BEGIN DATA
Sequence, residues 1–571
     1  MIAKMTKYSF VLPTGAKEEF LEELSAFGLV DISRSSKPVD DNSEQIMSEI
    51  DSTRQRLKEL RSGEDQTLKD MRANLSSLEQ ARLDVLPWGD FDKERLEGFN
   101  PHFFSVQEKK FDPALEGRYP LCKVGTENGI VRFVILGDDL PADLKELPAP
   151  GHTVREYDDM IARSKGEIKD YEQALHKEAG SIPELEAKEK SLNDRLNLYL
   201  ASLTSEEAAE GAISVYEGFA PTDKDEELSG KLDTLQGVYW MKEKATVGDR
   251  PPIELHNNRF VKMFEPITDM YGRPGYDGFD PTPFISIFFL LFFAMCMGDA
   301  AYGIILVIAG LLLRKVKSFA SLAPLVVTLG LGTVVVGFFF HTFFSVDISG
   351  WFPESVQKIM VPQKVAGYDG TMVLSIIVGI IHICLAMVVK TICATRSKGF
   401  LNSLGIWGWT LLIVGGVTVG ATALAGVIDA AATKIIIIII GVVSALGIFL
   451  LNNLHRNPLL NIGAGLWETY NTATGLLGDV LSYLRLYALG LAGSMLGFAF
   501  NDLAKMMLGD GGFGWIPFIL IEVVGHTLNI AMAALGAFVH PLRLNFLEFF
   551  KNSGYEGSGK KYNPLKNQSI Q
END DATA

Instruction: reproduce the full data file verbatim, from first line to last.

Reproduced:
Sequence, residues 1–571
     1  MIAKMTKYSF VLPTGAKEEF LEELSAFGLV DISRSSKPVD DNSEQIMSEI
    51  DSTRQRLKEL RSGEDQTLKD MRANLSSLEQ ARLDVLPWGD FDKERLEGFN
   101  PHFFSVQEKK FDPALEGRYP LCKVGTENGI VRFVILGDDL PADLKELPAP
   151  GHTVREYDDM IARSKGEIKD YEQALHKEAG SIPELEAKEK SLNDRLNLYL
   201  ASLTSEEAAE GAISVYEGFA PTDKDEELSG KLDTLQGVYW MKEKATVGDR
   251  PPIELHNNRF VKMFEPITDM YGRPGYDGFD PTPFISIFFL LFFAMCMGDA
   301  AYGIILVIAG LLLRKVKSFA SLAPLVVTLG LGTVVVGFFF HTFFSVDISG
   351  WFPESVQKIM VPQKVAGYDG TMVLSIIVGI IHICLAMVVK TICATRSKGF
   401  LNSLGIWGWT LLIVGGVTVG ATALAGVIDA AATKIIIIII GVVSALGIFL
   451  LNNLHRNPLL NIGAGLWETY NTATGLLGDV LSYLRLYALG LAGSMLGFAF
   501  NDLAKMMLGD GGFGWIPFIL IEVVGHTLNI AMAALGAFVH PLRLNFLEFF
   551  KNSGYEGSGK KYNPLKNQSI Q